Understanding the sports broadcasting business in India…

…Or why your uncle may now be able to start his own gully cricket channel

(The article below is the first article in our newly launched section -‘Knowledge Cafe’. We are extremely grateful to Sreeram for helping us kick off this section in his own inimitable style.)


I started off with the idea of finding a strong angle or a topic and presenting an in-depth analysis of it. This thought I rapidly dismissed because a) It sounded like a lot of work and b) I really wanted to dismiss it. I chose instead to adopt a broad based approach to inspire laziness creativity, where we meander along the world of sports broadcasting, waltz through general insights and facts and see if we just discover a strong angle to take along the way. If you find that you already know most of the stuff being discussed here, we’ve put in a Navjot Sidhu joke at the end, so this piece will at least not seem like a complete waste of time.


A television channel typically has two revenue streams – advertising and distribution i.e. revenue from cable and DTH operators. The split at the moment, though it varies depending on the context, is broadly 70-30% in favour of the former. This explains several evils present among us today, such as the existence of DLF maximums and Karbonn Kamal catches – seeing as how the pressure on recovering the enormous investment made in acquiring broadcast rights is almost squarely on advertising revenue.


But this, and many other aspects of the sports broadcasting universe in the country, is likely to change thanks to digitization (where you move from your regular, analog cable to set-top boxes/ DTH providers. The switch has now become mandatory and no analog cable is supposed to exist post 30TH June in the four metros, and anywhere in the country by 2014)


We seem to have hit upon the strong angle this article is supposed to take – digitization. Let’s look at a few ways in which it is going to affect the business, and therefore affect you, the sports viewer, who claims Test cricket is the real thing but watches every ball of the IPL and is a closet-fan of the super-over.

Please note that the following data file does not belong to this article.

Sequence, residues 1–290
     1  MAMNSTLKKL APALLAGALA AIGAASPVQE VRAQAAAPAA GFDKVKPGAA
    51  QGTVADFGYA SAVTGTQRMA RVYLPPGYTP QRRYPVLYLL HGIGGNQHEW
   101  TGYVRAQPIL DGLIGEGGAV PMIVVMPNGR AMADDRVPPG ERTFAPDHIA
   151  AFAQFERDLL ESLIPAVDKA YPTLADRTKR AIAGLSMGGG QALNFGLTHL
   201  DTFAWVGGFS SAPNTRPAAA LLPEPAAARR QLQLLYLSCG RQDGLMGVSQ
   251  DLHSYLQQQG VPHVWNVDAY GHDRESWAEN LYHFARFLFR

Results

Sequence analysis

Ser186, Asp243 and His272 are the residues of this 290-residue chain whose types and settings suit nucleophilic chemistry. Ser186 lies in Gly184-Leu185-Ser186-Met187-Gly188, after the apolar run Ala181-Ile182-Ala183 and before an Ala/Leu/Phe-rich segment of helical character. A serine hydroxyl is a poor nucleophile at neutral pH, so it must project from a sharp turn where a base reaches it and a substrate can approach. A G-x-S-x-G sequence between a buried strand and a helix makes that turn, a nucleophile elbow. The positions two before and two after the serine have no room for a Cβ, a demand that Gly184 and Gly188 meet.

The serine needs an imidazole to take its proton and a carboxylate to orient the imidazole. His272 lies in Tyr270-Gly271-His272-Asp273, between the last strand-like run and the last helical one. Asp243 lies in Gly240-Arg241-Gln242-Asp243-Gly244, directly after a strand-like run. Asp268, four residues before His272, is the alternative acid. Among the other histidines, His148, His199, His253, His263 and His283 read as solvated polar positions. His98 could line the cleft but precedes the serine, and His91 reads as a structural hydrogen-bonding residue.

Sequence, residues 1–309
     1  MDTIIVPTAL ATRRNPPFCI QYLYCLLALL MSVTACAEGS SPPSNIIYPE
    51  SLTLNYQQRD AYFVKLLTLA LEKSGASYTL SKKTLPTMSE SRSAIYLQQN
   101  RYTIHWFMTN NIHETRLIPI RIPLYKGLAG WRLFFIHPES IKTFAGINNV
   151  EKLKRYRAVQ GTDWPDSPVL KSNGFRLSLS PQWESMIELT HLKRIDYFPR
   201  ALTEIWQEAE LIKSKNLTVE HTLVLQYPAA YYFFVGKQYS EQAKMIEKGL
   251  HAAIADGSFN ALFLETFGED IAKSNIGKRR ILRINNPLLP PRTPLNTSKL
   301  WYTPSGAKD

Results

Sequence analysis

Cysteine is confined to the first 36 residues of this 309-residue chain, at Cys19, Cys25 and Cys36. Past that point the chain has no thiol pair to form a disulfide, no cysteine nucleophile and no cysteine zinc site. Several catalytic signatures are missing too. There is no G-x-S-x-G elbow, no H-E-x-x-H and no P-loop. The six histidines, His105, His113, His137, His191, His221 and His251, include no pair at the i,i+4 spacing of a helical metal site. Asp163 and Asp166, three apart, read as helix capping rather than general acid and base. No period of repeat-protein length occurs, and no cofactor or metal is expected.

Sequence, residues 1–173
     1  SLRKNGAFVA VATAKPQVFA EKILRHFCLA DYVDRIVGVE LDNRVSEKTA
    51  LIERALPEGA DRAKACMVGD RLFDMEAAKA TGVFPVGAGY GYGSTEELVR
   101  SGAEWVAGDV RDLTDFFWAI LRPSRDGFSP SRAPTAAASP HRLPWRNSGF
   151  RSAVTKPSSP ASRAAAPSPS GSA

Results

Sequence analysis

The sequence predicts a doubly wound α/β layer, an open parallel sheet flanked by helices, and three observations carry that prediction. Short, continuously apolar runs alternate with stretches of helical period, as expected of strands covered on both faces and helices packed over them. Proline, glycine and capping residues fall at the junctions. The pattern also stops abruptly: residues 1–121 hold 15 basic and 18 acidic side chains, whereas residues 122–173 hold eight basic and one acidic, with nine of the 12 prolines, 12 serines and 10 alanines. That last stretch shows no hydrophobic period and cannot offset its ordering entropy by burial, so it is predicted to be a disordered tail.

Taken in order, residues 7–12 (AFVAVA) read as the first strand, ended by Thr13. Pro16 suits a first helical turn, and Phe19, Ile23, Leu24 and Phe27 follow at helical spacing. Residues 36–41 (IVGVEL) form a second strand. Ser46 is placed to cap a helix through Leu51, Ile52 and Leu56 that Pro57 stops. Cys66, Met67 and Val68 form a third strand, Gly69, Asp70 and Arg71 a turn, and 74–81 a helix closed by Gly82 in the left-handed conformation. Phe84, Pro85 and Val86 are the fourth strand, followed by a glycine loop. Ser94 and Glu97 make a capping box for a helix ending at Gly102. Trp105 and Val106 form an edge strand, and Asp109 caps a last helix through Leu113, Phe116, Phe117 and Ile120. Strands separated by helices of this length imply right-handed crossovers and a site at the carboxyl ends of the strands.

The first thing it does is allows sports channels to reach out to a larger audience. An analog i.e. a regular cable set-up has limited bandwith, which means two things. A) Only limited channels can be carried at a time, which is why you often don’t get more than one or two sports channels simultaneously and B) To be carried on a good frequency, channels have to pay heavy ‘carriage fees’ (which you can vaguely compare to concept of a capitation fee. It would be a completely inaccurate comparison, but you can draw the parallel anyway, just to see what it is like) Sports channels, especially ones not broadcasting live cricket, would find it a bad business proposition to invest in such expenditure.


A DTH set up or a set top box has no bandwidth limitation, which means all channels get carried. So not only does it provide greater sampling opportunities and therefore expands the universe (ok, expands the pie, if you really like using jargon, or pies), it also means the capital required to have a half-decent chance of survival in the sports market goes down.


The other big business implication of this is that the sports broadcasting business shifts from being an entirely advertising driven market to being an advertising + purchase i.e. distribution revenue driven business. Subscription revenues are low because operators under-report the number of subscribers they have – the standard ratio (if there can be a standard ratio for such things) is 3:10 i.e. for every 10 houses that an operator gets money from, he reports only 3 back to the channel. That ratio improves significantly with digital connections coming into play.


Apart from opening up a new revenue stream (well, significantly improving an existing one), it introduces a significant change in consumer culture – you are now paying for each channel (or a bouquet of channels), and are therefore making choices to actually purchase content. A TV channel becomes a product you buy like a book, soap or a pair of jeans. The TV industry becomes fragmented, opening up niche audiences. This explains the launch of channels like Sony Six, which is not a dumping ground for waste from the American sports industry as most people think, but instead actually a channel that stands to make money. Niche content is a lot cheaper to acquire than live cricket, and with people willing to pay for it, it doesn’t need the critical mass TV ratings would make it profitable.


This means your life-long dream of someone starting a channel exclusively for book-cricket and tiddlywinks may now actually happen.


If you are still looking for the Navjot Sidhu joke, you clearly have a bad case of severe addiction to utter nonsense, and someone needs to take the responsibility of weaning you off your supply. We’ll manfully take up the task and not publish any Navjot Sidhu jokes whatsoever.

Sreeram Ramachandran

(Sreeram Ramachandran is a bit of paradox, which is polite for confused. A writer who made a drastic shift from the slipppers-and-shorts world of advertising to ISB, only to realize that people wore shorts to lectures there too. He now works with Star TV, and his parents are proud that he wears trousers and shirts to work.)




Very to-the-point and right sized post. Covers most aspects I had a doubt about. Very well written! Would love to see more such articles! Cheers to Knowledge Cafe!